How do you evaluate a vehicle that is quite simply in a class of its own?

Let’s get one – usually crucial – criteria out the way first: the price. There are two reasons for this. Firstly, as our Match-up opposite glaringly indicates, there is not a single vehicle on offer in South Africa that is even in the same ballpark as the Dawn. The closest two luxury convertibles available are the Mercedes-AMG S65 Cabriolet at a mere R3,4 million and the Bentley Continental Supersports Convertible that will lighten your wallet to the tune of R4,85 million. That is still around 2,15 million South African rands cheaper than the car you see here; one that, as part of the Ghost range (along with the Wraith coupé), represents the start of the Rolls-Royce family.

The second reason, of course, is that price is not something that matters a great deal to those with the resources to purchase a Dawn. As one of these folk, you are not accustomed to embarking on a price comparison before choosing a car. Indeed, you will be buying a Dawn because you want the convertible version of what Rolls-Royce has long represented: the ultimate in automotive luxury, engineering and exclusivity.  Given its asking price, the latter is pretty much a given, but what of the first two? Well, that’s the part this road test will consider, a task the CAR team tackled with some enthusiasm given the rarity of a Rolls appearing in our test garage.

A walk around the Dawn and not even the cold fluorescent lighting suspended from our garage ceiling could diminish its elegance. Less architectural than the imposing Phantom, the Dawn’s lines are more sensual and do well to disguise its 5,5-metre length. Lest you think this is merely a Wraith with its sloping metal roof artfully removed, Rolls-Royce points out that, while it shares its 3 112 mm wheelbase with the coupé, 80% of the Dawn’s body panels are unique. With the steeply raked windscreen, long prow and Canadel open-pore wood panelling on the deck-like roof cover, the Dawn is the tastefully executed marriage of two things the ultra-wealthy deeply appreciate: luxury cars and yachts.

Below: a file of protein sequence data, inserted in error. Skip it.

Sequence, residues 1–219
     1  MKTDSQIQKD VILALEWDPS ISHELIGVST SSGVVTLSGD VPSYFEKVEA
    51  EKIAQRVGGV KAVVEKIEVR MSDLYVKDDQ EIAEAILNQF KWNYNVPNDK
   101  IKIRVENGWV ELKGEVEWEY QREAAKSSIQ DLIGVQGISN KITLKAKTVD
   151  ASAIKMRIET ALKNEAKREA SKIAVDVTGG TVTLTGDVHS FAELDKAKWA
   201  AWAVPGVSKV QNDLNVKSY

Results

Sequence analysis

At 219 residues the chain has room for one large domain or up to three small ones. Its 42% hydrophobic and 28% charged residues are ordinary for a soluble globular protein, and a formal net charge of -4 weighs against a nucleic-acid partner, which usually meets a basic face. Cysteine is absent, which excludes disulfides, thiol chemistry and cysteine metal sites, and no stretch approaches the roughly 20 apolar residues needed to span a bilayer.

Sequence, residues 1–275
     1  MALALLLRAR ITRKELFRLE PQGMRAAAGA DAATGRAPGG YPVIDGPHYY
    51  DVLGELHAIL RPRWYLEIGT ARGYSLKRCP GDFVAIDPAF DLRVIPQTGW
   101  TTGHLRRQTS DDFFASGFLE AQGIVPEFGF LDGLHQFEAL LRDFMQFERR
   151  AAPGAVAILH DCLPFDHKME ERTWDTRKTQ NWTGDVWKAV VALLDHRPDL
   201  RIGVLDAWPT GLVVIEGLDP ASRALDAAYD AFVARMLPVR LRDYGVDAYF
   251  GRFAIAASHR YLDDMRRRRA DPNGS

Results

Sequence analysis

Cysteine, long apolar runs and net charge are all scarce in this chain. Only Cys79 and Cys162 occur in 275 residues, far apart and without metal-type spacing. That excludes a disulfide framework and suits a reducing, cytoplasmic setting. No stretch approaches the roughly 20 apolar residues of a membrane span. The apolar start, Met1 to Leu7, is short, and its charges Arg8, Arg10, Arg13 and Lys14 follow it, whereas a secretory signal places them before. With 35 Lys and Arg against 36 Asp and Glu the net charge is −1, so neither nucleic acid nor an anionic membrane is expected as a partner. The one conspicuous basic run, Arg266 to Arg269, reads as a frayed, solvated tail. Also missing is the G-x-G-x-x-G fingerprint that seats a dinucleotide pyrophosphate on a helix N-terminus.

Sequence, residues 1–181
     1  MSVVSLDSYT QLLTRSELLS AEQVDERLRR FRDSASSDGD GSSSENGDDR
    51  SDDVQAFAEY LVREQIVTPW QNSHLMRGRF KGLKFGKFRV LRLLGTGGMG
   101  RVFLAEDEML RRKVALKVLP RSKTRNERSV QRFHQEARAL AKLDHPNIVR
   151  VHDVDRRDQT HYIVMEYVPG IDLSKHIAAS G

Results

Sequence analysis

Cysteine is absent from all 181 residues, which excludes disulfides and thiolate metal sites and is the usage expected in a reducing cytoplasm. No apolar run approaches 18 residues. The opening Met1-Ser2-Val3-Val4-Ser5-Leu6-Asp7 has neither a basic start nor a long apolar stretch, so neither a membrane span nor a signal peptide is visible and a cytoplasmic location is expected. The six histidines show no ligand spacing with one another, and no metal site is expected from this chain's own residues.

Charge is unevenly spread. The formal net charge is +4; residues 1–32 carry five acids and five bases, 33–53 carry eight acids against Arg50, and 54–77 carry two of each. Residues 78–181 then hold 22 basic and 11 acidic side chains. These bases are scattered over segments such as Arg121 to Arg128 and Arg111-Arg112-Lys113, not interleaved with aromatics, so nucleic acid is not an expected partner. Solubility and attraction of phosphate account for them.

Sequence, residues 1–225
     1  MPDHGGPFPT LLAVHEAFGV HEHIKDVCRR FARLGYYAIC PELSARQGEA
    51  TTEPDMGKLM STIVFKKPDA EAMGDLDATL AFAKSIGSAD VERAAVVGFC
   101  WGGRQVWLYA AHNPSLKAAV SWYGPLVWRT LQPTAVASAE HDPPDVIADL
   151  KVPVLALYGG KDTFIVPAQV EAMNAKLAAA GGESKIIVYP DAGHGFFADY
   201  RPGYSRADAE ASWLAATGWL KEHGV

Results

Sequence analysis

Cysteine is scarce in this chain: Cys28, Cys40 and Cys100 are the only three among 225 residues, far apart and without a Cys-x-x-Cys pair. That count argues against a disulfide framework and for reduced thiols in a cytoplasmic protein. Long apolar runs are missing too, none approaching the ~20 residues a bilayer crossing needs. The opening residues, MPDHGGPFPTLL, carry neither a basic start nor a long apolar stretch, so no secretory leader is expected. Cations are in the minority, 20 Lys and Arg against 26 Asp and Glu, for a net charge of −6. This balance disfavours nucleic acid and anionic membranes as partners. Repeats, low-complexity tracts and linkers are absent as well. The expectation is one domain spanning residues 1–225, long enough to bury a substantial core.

The 22 seconds it takes for the roof to silently unfurl and cover the cabin may be slow by current standards, but the stately procession of this six-layer fabric is entirely appropriate to the Dawn’s demeanour. Rolls-Royce claims it’s the world’s quietest convertible roof, not just in operation (it can be employed at speeds of up to 50 km/h) but in noise insulation at speed. Interestingly, in our decibel measurement – one taken at idle from inside the cabin with the car parked in our test garage – we measured 43 dBA, which isn’t particularly peaceful. The Honda CR-V tested on page 52 measured 38 dBA. To be fair, though, that is comparing a convertible with a hard top.

Open the huge, rear-hinged doors and you step into a two-plus-two cabin that’s nothing short of a master class in understated elegance. While the build quality found in luxury cars such as the Mercedes-Benz S-Class and BMW 7 Series may match the Roller’s, what they can’t contest is the minimalist sophistication and quality of materials. Your shoes rest upon thick lamb’s wool carpets, your buttocks sink into huge, cosseting seats made from the highest-quality hides, your hands grip an elegantly thin steering wheel and your ears register your favourite music courtesy of a 16-speaker bespoke audio system with a sensitive microphone to constantly monitor ambient exterior noise and adjust the volume and tone settings.